=> Taking up Digital + NBN Opportunities

Continue to create digital tools to support production process and creative collaboration; create a closed Ning (online shared space) platform for sector to share knowledge and information; call for R&D into available applications to improve remote collaboration; share copyright + IP clauses for contracts involving digital work; promote case studies of previous digital broadcasts of live works – best practice + pain!; professional development – “Be ready to use the NBN when it reaches you. Add ‘Digital’ as a checkbox to all your planning and creativity.” ATF 2013 Online?

=> Developing New Ideas for Touring

Support new diverse touring models (e.g. through PATA); Review funding processes to improve harmony and flexibility; encourage deeper and earlier engagement – residencies, advance tours, etc; sharing resources with communities (e.g. not freighting); rethink why we tour.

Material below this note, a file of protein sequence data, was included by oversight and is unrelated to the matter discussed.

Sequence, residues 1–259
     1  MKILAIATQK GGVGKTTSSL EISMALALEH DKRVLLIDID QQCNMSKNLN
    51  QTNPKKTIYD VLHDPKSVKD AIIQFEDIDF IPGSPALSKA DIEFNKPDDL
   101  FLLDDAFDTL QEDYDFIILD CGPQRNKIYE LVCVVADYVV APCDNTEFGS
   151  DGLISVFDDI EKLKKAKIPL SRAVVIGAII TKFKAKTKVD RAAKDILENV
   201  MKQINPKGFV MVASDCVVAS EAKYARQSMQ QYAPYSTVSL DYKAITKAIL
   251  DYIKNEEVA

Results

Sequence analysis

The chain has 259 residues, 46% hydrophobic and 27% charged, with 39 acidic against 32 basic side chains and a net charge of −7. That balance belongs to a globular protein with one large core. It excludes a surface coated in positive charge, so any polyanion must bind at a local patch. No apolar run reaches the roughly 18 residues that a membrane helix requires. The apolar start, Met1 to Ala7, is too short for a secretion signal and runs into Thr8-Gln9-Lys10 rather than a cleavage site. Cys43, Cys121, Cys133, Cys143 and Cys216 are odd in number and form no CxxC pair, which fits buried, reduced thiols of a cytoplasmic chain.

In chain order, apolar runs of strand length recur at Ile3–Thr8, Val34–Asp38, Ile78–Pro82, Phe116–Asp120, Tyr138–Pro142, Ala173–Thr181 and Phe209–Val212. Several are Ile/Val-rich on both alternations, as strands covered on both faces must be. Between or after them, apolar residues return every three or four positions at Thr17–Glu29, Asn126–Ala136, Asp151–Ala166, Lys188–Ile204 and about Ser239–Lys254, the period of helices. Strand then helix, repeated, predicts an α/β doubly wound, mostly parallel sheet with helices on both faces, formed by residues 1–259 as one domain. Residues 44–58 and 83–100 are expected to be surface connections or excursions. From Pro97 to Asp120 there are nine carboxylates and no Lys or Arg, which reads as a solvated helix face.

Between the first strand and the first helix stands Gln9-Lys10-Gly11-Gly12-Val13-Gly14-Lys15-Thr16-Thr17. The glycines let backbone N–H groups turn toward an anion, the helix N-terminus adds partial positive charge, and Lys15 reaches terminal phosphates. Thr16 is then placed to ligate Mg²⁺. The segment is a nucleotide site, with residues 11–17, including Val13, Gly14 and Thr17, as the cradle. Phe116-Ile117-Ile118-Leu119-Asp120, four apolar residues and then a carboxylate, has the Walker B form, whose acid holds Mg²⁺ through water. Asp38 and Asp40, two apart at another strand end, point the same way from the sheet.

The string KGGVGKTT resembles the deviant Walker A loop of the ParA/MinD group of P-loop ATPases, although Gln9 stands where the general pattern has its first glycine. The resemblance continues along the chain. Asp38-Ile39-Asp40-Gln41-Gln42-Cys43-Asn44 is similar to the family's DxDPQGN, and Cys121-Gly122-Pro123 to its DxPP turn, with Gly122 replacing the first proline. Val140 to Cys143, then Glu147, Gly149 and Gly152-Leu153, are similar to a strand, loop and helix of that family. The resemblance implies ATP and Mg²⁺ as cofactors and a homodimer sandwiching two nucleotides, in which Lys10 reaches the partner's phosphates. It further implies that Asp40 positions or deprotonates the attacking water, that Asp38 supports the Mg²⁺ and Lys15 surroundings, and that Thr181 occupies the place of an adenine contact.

=> Arts Action – politics + money

In the new National Cultural Policy, call for: policy to include improved arts stats by ABS, cultural citizenship and values, the value of art in and of itself, real inclusivity, role of professional arts practice, $30 million playing the world fund, more artists and arts managers on Government boards, Bipartisan promotion of Cultural Policy.

=> Strengthening Partnerships and Networking

Develop a digital tool to share resources and information, to reactivate national community, to make personnel exchanges and unusual connections, to highlight case studies. Investigate a National Development Pool of funds for multi-partner collaborations, co-commissions and co-developments. Support an Australian Theatre Network.